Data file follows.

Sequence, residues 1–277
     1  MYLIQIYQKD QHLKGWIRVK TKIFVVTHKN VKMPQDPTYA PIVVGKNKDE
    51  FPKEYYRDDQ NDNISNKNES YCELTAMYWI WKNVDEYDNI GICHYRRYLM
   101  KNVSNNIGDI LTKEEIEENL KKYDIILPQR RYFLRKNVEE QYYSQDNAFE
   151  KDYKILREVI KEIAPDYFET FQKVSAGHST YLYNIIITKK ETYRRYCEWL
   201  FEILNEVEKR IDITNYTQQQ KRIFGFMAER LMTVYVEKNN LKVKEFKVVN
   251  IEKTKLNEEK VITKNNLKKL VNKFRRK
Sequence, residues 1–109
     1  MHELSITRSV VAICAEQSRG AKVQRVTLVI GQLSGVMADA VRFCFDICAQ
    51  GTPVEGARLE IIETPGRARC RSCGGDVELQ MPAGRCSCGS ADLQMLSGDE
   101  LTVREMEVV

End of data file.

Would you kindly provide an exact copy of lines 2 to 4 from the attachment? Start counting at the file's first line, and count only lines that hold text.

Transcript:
     1  MYLIQIYQKD QHLKGWIRVK TKIFVVTHKN VKMPQDPTYA PIVVGKNKDE
    51  FPKEYYRDDQ NDNISNKNES YCELTAMYWI WKNVDEYDNI GICHYRRYLM
   101  KNVSNNIGDI LTKEEIEENL KKYDIILPQR RYFLRKNVEE QYYSQDNAFE